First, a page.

Telling a consumer that he signed such an agreement is also a misleading statement about his rights and the risks he might face as covered by Regulation 5(4)(k) of the CPRs. It is our view that it is likely that a consumer will take a transactional decision to make a payment under the credit agreement or to refrain from exercising his rights under the agreement as a result of being misled about whether he signed it.

 

Breach of Regulation 5 of the CPRs is a criminal offence under Regulation 9 and can also be enforced under Part 8 of the Enterprise Act 2002. Under section 218A of the Enterprise Act, where an application for an Enforcement Order is made the court may require the Respondent ‘to provide evidence of the accuracy of any factual claim’ (such as a claim that a debtor has signed a credit agreement).

In addition, it should be noted that threats to take action that cannot be taken is listed as one of the factors that will be considered in assessing aggressive practices in Regulation 7(2) of the CPRs.

 

May 2008

 

Susan Edwards

Head of Credit Investigations and Enforcement, Office of Fair Trading

Knock yourselves out Folks...now you can Copy/Paste any bit you like! :grin:

 

Cheers,

BRW

Share this post


Link to post
Share on other sites
Hello Folks!

 

Also, I created this Text version of the letter, so that it is ready for people to Copy/Paste into letters when needed!

 

Knock yourselves out Folks...now you can Copy/Paste any bit you like! :grin:

 

Cheers,

BRW

Well done again BRW.:)

 

Do you ever take time off? :-D

Share this post


Link to post
Share on other sites
Hello Folks!

 

Also, I created this Text version of the letter, so that it is ready for people to Copy/Paste into letters when needed!

 

Knock yourselves out Folks...now you can Copy/Paste any bit you like! :grin:

 

Cheers,

BRW

Hi BRW,

 

Looking at this again, it appears to be your version that I have used.

 

Vint

Share this post


Link to post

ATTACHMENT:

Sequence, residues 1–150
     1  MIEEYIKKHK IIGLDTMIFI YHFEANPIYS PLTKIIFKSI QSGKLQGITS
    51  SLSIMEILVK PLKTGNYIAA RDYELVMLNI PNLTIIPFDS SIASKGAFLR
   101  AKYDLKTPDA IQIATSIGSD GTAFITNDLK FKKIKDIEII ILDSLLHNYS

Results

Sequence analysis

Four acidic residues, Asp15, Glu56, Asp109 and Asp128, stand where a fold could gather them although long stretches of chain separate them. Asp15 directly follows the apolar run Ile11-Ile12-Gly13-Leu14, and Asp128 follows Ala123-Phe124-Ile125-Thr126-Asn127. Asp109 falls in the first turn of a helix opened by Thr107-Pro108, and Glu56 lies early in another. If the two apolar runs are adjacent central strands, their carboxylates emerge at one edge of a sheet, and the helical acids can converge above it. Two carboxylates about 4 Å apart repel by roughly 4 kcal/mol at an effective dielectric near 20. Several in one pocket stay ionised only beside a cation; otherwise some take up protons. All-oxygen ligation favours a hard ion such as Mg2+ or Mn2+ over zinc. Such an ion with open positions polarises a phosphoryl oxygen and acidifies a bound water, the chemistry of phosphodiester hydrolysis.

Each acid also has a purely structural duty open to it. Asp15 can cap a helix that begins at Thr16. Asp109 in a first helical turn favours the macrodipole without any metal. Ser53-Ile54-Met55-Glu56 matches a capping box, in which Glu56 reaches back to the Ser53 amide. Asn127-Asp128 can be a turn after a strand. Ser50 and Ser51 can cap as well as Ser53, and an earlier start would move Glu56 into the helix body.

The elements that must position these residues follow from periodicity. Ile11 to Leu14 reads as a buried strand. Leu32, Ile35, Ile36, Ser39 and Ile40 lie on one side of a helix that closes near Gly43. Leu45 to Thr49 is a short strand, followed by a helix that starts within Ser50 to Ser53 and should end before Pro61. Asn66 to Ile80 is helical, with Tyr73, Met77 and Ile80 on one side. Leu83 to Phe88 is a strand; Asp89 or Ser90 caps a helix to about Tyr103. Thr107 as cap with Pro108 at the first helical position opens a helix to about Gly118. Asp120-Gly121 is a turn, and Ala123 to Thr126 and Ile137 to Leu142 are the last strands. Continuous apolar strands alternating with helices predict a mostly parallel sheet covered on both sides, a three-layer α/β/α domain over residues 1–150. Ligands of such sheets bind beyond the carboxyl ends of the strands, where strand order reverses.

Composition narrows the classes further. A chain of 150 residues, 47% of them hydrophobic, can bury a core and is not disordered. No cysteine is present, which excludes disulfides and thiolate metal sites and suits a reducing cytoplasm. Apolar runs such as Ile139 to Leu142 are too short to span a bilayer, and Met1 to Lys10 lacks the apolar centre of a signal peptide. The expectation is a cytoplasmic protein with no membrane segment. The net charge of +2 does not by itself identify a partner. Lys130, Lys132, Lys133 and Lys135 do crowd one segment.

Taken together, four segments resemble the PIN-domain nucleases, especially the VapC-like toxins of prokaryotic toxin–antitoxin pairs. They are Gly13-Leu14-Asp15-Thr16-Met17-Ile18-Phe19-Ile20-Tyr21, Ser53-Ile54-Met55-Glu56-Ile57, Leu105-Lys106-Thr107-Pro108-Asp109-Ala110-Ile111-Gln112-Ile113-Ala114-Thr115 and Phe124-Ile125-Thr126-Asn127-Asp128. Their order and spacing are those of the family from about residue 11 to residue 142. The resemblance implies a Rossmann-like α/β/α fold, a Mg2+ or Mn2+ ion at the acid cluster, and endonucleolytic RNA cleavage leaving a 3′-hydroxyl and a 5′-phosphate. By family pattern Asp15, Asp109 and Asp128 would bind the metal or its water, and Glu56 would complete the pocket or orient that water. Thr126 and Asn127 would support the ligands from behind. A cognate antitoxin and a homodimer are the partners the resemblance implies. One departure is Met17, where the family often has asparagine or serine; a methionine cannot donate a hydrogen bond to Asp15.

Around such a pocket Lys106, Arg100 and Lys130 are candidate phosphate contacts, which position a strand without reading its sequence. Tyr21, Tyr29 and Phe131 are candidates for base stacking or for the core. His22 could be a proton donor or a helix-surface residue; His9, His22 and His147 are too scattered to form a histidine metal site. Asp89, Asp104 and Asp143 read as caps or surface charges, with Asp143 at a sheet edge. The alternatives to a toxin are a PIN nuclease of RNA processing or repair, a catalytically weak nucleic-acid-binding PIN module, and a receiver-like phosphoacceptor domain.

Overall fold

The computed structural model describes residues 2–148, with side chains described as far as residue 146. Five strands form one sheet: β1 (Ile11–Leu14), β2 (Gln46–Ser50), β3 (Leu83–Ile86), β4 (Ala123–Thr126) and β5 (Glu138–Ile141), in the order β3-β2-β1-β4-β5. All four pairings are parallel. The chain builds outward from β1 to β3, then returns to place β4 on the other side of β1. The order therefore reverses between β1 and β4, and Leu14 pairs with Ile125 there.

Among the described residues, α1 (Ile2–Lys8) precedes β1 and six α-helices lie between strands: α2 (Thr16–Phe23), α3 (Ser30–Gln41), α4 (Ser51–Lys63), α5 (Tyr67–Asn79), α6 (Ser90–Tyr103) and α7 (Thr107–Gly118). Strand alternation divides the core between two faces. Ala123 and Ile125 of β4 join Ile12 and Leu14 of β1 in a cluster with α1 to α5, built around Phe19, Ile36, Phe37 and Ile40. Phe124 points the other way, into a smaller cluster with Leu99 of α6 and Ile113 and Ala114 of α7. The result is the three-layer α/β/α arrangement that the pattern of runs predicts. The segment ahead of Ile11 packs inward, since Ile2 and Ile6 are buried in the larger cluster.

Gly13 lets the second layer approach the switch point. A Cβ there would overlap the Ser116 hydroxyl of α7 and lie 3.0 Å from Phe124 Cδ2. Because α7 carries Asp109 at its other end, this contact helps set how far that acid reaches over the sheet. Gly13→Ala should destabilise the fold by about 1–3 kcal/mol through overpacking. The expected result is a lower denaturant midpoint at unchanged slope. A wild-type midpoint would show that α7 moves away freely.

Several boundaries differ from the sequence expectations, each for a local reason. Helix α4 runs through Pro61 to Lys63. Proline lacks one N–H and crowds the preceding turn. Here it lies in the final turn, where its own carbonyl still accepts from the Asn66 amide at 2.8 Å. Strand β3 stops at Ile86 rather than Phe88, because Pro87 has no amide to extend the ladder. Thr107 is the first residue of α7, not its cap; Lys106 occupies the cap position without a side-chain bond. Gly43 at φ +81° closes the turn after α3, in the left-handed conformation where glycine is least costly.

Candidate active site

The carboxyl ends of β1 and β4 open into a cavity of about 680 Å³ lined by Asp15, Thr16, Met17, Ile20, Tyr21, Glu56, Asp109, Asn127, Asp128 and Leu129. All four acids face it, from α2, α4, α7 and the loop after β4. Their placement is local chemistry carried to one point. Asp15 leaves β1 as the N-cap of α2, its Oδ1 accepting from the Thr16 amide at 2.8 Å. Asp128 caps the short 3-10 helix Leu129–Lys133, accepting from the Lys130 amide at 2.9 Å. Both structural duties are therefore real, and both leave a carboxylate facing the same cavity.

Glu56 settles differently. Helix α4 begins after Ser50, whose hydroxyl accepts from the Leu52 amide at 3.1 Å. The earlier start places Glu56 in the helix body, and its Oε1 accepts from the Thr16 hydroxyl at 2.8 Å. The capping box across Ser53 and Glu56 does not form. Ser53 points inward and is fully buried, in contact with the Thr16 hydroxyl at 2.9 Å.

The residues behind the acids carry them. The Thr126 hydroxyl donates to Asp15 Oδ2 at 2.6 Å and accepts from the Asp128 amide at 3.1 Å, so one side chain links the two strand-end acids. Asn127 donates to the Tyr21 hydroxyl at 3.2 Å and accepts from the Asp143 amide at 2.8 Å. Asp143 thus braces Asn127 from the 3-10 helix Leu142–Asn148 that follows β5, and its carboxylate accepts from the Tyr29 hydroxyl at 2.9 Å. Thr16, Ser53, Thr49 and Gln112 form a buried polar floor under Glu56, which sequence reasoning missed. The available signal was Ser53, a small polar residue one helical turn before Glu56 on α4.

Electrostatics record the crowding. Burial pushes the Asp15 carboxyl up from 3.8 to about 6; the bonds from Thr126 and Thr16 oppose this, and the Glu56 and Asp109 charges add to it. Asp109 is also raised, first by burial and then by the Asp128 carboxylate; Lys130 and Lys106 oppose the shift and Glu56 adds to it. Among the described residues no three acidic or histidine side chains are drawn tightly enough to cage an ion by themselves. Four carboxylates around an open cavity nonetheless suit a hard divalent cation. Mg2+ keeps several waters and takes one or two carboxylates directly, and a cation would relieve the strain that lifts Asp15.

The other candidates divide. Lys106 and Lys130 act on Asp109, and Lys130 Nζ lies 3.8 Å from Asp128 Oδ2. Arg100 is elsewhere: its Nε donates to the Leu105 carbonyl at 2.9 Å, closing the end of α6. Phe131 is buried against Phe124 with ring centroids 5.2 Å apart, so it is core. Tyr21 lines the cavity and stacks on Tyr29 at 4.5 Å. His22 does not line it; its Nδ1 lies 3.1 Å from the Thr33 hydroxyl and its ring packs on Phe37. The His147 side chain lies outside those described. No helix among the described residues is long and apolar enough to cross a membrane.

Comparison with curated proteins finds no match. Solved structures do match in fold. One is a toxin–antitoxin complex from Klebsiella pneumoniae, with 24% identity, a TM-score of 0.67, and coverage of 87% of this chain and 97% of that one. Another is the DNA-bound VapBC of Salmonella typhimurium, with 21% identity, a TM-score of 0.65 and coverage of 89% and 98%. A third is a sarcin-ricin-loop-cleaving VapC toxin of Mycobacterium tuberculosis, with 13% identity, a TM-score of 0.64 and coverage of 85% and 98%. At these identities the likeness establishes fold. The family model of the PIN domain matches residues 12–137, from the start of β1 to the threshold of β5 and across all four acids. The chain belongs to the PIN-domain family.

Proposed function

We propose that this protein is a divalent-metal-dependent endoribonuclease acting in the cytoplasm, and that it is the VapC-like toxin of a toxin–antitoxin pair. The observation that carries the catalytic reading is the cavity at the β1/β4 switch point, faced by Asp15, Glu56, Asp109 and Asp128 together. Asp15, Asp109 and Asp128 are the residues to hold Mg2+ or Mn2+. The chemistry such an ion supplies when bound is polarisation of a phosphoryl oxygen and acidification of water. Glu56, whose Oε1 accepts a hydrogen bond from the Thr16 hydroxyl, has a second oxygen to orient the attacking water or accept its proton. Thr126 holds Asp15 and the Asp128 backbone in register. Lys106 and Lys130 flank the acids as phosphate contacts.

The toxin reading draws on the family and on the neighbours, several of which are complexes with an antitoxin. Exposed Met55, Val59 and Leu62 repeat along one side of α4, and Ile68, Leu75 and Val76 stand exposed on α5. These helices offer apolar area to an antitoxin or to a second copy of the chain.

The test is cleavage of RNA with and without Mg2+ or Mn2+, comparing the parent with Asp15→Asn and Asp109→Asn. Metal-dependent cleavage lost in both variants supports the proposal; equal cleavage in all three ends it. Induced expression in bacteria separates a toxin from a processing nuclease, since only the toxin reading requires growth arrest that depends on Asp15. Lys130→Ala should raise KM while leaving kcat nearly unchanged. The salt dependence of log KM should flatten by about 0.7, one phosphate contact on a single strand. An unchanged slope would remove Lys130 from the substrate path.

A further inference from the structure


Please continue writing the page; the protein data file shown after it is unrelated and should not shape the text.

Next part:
Share on other sites

Hello vint1954!

 

Do you ever take time off?

 

Not when it comes to fighting banks!

 

I'm on a mission.

 

A find and destroy mission!

 

Cheers,

BRW

Share this post


Link to post
Share on other sites
Hello vint1954!

 

 

 

Not when it comes to fighting banks!

 

I'm on a mission.

 

A find and destroy mission!

 

Cheers,

BRW

:D:D:D:D

Share this post


Link to post
Share on other sites

An iteresting point - Could the text below be used to persuade Credit Reference Agencies that because a signature to an Alledged Agreement cannot be produced, they cannot state that we 'agreed' to the proccessing of our information. Simply relying on it must have been done at some time, is not acceptable in most Courts, so why should they be able to bend the law?

Meaning of ‘true copy’

 

In this context, the courts decided that a ‘true copy’ need not necessarily be an ‘exact copy,’ but it must be ‘so true that nobody reading it can by any possibility misunderstand it’ or be misled by it (In re Hewer ex parte Kahen (1882) LR 21 Ch.D. 871 at 875). The copy must contain ‘every material provision which is contained in the original’ (except that if the defect is made good by reading the document as a whole, the omission will not be fatal) (Court of Appeal in Burchell v Thompson [1920] 2 KB 80 at 98-99). Further, it is not sufficient for the copy merely ‘to state with complete accuracy in a summary form the effect of the stipulations contained in the original. It is not merely a document that is to state the true legal effect of the original; it is to be a copy of the original’ (per Atkin LJ in Burchell at 105).

Hewer, ex parte Kahen - the filed copy of the bill omitted the precise day of the month on which payment was to be made. The court held this was trivial, and no debtor would be misled by it.

 

Sharp v McHenry (1888 )LR 38 Ch.D. 427- the copy contained blanks which were not in the original. The court decided that the blanks were unimportant, since the omitted words were not required for the original bill to be valid.

Burchell v Thompson [1920] 2 KB 80 - the copy failed to include the words ‘per annum’ after the interest rate of 55%. The reader of the copy would have to guess whether the interest was per annum, per month or something else but as one could sensibly assume, correctly, that it was per annum it was a true copy.

Commercial Credit Company of Canada Ltd v Fuiton [1923] AC 798 - suggested further that where there are a raft of smaller differences in a bill of exchange copy, this could prevent it being a true copy. However where the differences were such as to make the copy contract actually different to the original, the copy will not be true. Lord Sumner, speaking of the man who may wish to refer to the copy, concluded that ‘the Act promises him ... a true copy, not a puzzle. He is to inspect it, not to recover the original by a process of conjectural emendation’ (at 807).